The best Valentine’s Day plans always seem to arise from you and the one you love, doing something you both love, not what others tell you you should be doing to commemorate the day. Why shell out for roses if the only time your lady likes them is when they’re floating in a Randall? Then something like Avery Sour Valentine dinner at Blue Palms Brewhouse comes across your radar, and you know a couple of beer geeks like my husband and I suddenly have got plans. So what if it was a day early?
The entire six-course dinner and beer pairing was tailor-made for geeks of various stripes. While Blue Palms has always had great pub food and one of the best tap lists in Los Angeles, I had no idea what a food geek proprietor Brian Lenzo was until he unveiled this amazing menu.
Between each course he went into great detail about all of the care that went into each element and how he chose to pair the food with Avery’s sours. Hand-cranking vanilla ice cream while slowing adding the discontinued Avery sour Immitis into the mix, finding the perfect cut of venison for the carpaccio, exposing cucumbers to lactobacillus for pickles…. Brian and his team really went for the gold on this, his first food and beer pairing dinner. It’s always delightful to see a sweet guy like Brian beaming and totally in his element, you can really feel the love.
Southern California’s Avery Brewing rep Katie Barnes brought some major beer geek chops to this meal as well. She described each course of Avery’s absolutely transcendent sours with the felicity of a master brewer. “The beer world is definitely a man’s world,” Katie said, “To be a girl infiltrating the craft beer world today you really have to know your shit.” And judging from her meticulous, enticing descriptions of each beer, Katie clearly knows her shit.
The prelude beer was Avery’s Joe’s Pils randalled with rose petals. A full pint of this vegetal, creamy pilsner was the perfect palate cleanser between courses of rich food and bracing sours. Next up was the Muscat d’Amour, a sour blonde made with Muscat Blanc grapes (usually used in dessert wine) and aged in Chardonnay barrels. I found myself feeling sorry for anyone who wasn’t there drinking this beer at that precise moment. It was sour perfection with a surprisingly grassy finish. An unforgettable beer, sadly only 175 cases of the stuff was made; while there are still a few bottles for drinking at Blue Palms, you can’t take it home or I certainly would have. It was my surprise favorite of the evening.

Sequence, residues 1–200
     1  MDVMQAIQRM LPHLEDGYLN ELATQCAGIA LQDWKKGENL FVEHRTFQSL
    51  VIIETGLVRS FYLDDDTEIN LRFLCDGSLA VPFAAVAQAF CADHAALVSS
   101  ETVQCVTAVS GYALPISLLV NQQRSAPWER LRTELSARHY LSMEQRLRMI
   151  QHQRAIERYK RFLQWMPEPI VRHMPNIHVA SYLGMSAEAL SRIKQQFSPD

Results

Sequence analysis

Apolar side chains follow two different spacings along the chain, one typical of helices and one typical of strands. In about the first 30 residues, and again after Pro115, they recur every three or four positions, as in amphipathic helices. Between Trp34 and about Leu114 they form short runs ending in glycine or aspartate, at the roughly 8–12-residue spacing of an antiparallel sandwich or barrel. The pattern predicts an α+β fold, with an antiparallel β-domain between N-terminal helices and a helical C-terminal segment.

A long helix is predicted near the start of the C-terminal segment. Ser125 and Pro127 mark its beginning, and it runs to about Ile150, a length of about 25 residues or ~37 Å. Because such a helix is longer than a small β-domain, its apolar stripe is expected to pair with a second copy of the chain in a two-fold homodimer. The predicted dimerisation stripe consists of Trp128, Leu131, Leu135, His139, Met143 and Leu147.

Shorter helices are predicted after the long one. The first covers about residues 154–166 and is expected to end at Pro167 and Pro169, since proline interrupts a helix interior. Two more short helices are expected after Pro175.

O, Oud Floris, you green apple caramel siren, you. It was randomly drinking a bottle of this treasure at Blue Palms a few weeks ago that drew us to this dinner. A magical Frankenstein of a beer, the geniuses at Avery blended 4 barrel-aged beers (a strong dark ale, a red, a sour pale, and a sour rye) and came out with something akin to a Flemish red.
There’s a clarity to the sour components of the Avery sours that is truly remarkable, like the way a squeeze of lemon will cut through disparate elements of a dish and bring a brightness to the whole endeavor, enhancing everything. The raspberries of the Odio Equum read as straight-up Snapple on the nose, but the taste was perhaps the sourest beer I’ve ever had, with the raspberry so perfectly realized I could almost feel the berry roll around in my mouth.
Last was the sexily-named Recolte Sauvage (Wild Harvest en français), whose sourness took a backseat to its cherry, oak, and chocolate notes. This big boy, topping out at more than 11% ABV, stood its ground against the beef cheeks course, and reminded me a little bit of Avery’s Samael.
At this point in the meal, I started to lose steam, my head spinning from all the onslaught of huge flavors on my palate. I wrote, “Send assistance” in my notebook, which at this point had devolved into a stream of rapturous expletives like “Holy fuck this heirloom tomato Oud Floris ketchup,” and “Whew, this Odio Equum is sour as fuck!” Did I mention I used to be a professional writer? The things that a series of mind-blowing food and rare sour beers will do to me. The last scribbling in my notebook was a sort of plea to Brian, “Please do these forever.”
Now it’s actually Valentine’s Day, and I’m still full. Full from the decadent dinner and beers, full of admiration for the folks who put together such an elevated beer experience, and full of love of my new husband with whom I got to share this ultimate beer geeky experience.
Megan Rosenbloom is a librarian, photographer, and craft beer lover living in Los Angeles.